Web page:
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5-06-2008 @ 8:50PM
"every user everywhere needs to copy parts of the game into RAM in order to run it."That's completely irrelevant. They have permission to copy the game into RAM to play it. They don't have permission to copy it into RAM to cheat. Fortunately, the legal arguments in PK's amicus brief are stronger than your approximation of them.
5-06-2008 @ 9:04PM
L2fullyquote:"For Blizzard's part, they claim that making a copy in RAM of the game's information constitutes copyright infringement, [but again, that's only because Glider is misusing those RAM files] -- every user everywhere needs to copy parts of the game into RAM in order to run it."bracketed for emphasis. I think Mike covered your little comment there, mensrea. For my part, I would defend Blizzard's right to control the content of their games, and even (within reason) the manner in which they're played. It does seem that the copyright thing is part of the "everything but the kitchen sink" approach to this lawsuit, and IANAL, but I wouldn't be surprised to see that dropped in the final calculus. Besides, do we really need ANOTHER legal copyright controversy up in this hizzy? I'd hate to see blizzard mentioned in the same breath as the RIAAs of the world.
5-06-2008 @ 9:32PM
What "every user everywhere has to do" is completely irrelevant to the copyright claim because the claim itself presupposes that some users (those following the ToS) are licensed and some (those using Glider) are not.The paragraph (which you, ironically, didn't fully quote) goes something like this: "Blizzard's CI claim is bogus. They're just trying to scare people. Blizzard says X. That's not right, though, because of Y -- Z." Where 'Y' is a misrepresentation of Blizzard's argument and 'Z' is something that's not related in any way, shape, or form to the validity of either 'X' or 'Y'.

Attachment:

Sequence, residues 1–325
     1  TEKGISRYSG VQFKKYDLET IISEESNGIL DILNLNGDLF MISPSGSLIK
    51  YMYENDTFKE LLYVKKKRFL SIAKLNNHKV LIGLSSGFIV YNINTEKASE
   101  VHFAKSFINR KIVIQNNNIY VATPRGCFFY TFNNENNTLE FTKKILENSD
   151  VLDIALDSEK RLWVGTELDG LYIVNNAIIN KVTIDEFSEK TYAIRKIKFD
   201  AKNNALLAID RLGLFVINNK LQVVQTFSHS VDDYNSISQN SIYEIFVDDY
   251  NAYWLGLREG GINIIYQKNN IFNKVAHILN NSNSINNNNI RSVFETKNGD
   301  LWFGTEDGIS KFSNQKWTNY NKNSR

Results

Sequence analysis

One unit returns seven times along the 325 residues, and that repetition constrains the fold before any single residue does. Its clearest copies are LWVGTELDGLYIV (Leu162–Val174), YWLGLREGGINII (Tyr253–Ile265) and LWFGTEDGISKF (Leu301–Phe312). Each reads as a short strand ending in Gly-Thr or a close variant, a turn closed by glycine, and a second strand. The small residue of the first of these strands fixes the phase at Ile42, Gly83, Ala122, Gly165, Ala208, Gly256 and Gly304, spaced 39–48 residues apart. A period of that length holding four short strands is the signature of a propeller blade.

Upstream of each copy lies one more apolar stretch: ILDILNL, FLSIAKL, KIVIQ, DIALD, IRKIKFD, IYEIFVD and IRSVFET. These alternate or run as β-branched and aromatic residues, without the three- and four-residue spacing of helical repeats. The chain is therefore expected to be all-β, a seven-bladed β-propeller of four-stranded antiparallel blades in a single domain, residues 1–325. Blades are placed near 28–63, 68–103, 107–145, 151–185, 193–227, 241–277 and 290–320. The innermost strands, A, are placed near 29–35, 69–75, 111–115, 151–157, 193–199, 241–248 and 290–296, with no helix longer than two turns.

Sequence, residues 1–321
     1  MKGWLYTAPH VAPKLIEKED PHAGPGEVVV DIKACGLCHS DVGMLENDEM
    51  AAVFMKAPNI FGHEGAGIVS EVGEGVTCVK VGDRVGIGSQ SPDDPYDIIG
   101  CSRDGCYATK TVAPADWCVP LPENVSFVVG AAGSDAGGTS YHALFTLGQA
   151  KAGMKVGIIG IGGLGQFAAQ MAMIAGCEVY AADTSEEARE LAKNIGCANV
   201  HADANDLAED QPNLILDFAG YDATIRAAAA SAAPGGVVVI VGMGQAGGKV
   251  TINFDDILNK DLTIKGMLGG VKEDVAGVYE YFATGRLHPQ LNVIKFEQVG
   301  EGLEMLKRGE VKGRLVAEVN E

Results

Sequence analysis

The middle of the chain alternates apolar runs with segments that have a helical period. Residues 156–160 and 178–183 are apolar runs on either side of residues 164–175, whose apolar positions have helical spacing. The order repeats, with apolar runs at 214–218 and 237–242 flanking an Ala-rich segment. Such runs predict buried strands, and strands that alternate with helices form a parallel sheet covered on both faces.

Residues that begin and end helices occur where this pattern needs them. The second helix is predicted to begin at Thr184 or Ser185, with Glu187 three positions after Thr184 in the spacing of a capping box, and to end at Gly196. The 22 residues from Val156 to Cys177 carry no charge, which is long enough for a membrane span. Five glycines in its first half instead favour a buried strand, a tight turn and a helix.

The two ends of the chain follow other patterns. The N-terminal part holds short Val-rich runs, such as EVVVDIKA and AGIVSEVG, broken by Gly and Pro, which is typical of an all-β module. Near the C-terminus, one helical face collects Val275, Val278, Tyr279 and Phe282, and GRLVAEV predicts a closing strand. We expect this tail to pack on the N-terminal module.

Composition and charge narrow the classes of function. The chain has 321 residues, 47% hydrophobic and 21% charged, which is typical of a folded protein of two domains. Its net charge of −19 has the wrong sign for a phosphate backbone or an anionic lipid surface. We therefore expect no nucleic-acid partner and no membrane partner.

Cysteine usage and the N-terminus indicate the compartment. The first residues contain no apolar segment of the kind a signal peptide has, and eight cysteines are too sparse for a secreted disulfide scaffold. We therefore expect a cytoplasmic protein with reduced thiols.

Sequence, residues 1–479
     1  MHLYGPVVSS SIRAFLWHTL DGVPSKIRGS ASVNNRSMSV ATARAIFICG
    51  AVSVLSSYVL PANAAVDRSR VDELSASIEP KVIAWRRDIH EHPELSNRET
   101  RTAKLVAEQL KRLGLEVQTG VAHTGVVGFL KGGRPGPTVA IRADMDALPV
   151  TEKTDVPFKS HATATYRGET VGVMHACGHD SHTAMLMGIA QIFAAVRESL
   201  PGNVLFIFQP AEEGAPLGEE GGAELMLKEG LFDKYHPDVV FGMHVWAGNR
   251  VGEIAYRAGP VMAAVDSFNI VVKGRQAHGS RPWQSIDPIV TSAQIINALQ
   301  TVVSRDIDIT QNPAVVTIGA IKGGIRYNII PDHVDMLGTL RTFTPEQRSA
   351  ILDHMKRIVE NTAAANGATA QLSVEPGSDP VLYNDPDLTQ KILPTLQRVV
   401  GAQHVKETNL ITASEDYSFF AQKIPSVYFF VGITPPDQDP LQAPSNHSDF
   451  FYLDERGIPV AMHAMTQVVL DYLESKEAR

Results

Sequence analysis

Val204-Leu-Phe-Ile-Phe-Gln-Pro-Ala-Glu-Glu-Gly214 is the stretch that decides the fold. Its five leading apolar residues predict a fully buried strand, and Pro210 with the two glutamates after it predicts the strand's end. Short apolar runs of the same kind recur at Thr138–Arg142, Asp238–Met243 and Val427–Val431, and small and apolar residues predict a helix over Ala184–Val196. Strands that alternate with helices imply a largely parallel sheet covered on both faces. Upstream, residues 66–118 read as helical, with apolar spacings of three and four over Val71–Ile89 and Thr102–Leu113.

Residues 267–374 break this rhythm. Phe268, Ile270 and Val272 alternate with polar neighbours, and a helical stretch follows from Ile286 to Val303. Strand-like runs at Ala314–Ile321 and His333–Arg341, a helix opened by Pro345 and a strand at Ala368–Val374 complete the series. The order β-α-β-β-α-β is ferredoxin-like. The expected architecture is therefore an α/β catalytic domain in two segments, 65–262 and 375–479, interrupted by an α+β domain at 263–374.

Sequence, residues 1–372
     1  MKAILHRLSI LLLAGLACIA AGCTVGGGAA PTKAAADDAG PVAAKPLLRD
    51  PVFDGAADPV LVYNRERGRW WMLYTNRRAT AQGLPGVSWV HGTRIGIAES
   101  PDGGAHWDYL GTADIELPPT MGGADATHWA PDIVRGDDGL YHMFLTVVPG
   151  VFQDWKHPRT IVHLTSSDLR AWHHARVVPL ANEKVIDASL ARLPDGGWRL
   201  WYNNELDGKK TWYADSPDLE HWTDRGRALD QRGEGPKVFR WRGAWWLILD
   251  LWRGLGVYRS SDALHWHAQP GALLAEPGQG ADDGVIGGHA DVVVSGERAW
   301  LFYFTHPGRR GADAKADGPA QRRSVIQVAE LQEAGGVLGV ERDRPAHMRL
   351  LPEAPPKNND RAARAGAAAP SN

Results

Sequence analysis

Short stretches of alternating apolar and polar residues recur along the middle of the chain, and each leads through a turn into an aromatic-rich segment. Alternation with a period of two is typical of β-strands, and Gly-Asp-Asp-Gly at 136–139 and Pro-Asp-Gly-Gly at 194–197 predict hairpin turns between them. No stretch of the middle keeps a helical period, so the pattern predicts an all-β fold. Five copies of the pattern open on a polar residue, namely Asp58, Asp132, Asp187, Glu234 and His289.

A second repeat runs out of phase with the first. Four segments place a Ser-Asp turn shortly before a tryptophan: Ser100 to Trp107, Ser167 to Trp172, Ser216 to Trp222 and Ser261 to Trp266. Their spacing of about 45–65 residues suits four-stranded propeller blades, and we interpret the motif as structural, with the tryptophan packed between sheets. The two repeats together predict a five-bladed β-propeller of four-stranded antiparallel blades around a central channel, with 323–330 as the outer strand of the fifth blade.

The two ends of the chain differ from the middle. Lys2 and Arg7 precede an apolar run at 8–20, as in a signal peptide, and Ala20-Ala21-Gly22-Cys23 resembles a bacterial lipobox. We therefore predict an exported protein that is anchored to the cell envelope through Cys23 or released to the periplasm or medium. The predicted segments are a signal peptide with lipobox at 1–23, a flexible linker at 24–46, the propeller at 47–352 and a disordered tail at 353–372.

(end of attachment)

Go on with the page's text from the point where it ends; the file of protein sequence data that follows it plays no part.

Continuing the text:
5-07-2008 @ 1:13AM
so if i write a program that disables Windows Genuine Advantage and sell it, i'm violating copyright?bullshit, i say! a breach of the terms of service, certainly, but i'm not stealing someone else's code for profit - merely creating something that interacts with it. the car, not the road, in other words.this is, indeed, an extremely dangerous precedent to set. imagine a world where Windows programs which microsoft does not specifically approve constitute copyright infringement.i love blizzard... but they had better lose this lawsuit.
5-07-2008 @ 8:51AM
The primary effect of the DMCA is to make code into law. If you're doing something that the code doesn't allow you to do, you're circumventing the code, and therefore automatically breaking the law.This will most likely be their core argument, but it's weak. It's weak because there's nothing to circumvent; the game is plainly in memory, and Glider manipulates it in the same way a player would. Now, just to clarify, Glider isn't a player, but to a computer there's no difference, and therefore there's no circumvention and no real DMCA claim.But, IANAL, so take that with a grain of salt.
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